Spain ease through first rubber in Seville
Originally published on: 02/12/11 17:18
Rafael Nadal opened Spain’s bid for a fifth Davis Cup title with a swift 6-1 6-1 6-2 victory over Argentina’s Juan Monaco.
The world No.2 showed little sign of the tiredness that saw him win just one of his three round robin matches at the World Tour Finals last week as he coasted to a third victory in four career meetings with Monaco.
The day in Seville had begun with patches of drizzle and fog, conditions that made centre court look a bit sad for a while as black plastic was laid along the baseline of one end of the court and alongside the net to collect the water that dripped down from the Oympic Stadium’s temporary roof. But by the time play commenced at 2.10pm, the sun was shining and the drums were beating in true Davis Cup fashion.
It’s an interesting sight to see a clay court built in the middle of a stadium that usually caters for over 57,000 fans. Temporary stands have been erected along the sides of the court and along one end where the TV booths are located, while some of the existing seating inside the Olympic Stadium is also used to accommodate fans.
A temporary roof covers the court while the rest of the arena remains uncovered – it is literally an inside court that remains open to the elements. As the sun came out, after the pageantry of the National Anthems and introductions of the teams, the much-anticipated 2011 Davis Cup Final at last got underway.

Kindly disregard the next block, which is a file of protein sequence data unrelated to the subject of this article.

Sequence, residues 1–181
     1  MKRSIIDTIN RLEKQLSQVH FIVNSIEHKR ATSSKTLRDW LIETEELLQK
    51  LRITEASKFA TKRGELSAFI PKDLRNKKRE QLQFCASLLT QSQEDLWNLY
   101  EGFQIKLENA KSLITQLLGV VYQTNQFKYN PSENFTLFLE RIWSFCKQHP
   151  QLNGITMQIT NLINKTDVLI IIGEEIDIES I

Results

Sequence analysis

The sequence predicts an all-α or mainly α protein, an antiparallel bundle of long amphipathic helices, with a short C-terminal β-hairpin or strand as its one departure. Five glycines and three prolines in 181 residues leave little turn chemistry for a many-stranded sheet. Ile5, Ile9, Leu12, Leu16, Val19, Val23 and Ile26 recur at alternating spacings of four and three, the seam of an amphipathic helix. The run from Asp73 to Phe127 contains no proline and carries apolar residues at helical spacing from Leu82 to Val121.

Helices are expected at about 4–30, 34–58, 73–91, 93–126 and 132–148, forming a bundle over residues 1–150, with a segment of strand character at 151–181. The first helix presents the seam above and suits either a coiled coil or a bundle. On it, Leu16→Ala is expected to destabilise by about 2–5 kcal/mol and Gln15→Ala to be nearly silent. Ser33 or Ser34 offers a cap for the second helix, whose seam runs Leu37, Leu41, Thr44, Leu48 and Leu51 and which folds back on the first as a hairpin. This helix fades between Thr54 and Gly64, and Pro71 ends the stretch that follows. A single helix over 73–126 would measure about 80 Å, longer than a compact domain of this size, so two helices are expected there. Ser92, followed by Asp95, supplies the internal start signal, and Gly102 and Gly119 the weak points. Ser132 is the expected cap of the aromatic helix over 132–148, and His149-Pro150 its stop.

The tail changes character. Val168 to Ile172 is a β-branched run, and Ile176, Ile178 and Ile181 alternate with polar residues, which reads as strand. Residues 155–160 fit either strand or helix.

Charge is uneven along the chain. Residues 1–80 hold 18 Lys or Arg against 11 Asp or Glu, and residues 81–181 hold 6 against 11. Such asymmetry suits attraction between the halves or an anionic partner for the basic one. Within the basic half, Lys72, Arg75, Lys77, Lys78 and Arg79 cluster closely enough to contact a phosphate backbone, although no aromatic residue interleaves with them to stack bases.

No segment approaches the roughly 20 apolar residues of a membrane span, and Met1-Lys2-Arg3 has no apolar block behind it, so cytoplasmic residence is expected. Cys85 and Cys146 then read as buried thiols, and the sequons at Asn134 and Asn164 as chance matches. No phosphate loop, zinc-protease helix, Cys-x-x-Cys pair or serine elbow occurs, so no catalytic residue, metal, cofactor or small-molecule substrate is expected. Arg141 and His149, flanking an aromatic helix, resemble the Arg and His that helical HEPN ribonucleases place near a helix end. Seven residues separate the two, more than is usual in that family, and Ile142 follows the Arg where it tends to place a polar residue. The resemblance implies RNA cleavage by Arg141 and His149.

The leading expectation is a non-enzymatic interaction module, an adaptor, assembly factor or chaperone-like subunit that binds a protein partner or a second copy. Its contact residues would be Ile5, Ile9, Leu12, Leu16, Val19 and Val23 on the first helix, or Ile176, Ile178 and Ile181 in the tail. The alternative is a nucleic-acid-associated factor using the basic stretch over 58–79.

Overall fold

The first game, which lasted eight minutes, demonstrated at the outset what Juan Monaco would have to do to defeat 10-time Grand Slam champion Nadal. The Argentine faced three break points before finally managing to hold serve with an ace. Nadal soon stamped authority on the Monaco serve though and cantered away with the first set.
The second, which saw Nadal serving with new balls to begin, was much the same. Monaco was pressed hard on serve and although he held in the first game, he was broken again in the fourth and sixth games. Argentina found themselves two-sets-to-love down after just an hour and a half, but it certainly didn’t dampen the spirits of the South American support who did much to try and put Nadal off his stride, with little success as it turned out.
The third set saw a smattering of gripping rallies, most notably in the fifth game on Monaco’s serve. Twice he fell to the ground attempting to get to the ball and twice Nadal had the home crowd on their feet worshipping the talents of their very own King of Clay. When Nadal eventually wrapped up the rubber he looked like a man who had just won the Davis Cup, let alone the first rubber.
Speaking after the match, Rafa revealed he had enjoyed his own success but was keen to get back on court to support his team mate David Ferrer.
“We have to try and win the second point,” he said. “It will leave us to an advantage situation considerably, and it would be so good for us. It would allow the doubles tomorrow to play with more calm.
“It would be important for Feli and Verdasco if we win tomorrow. So I’m just going to go and cheer David because it’s more support in the court.”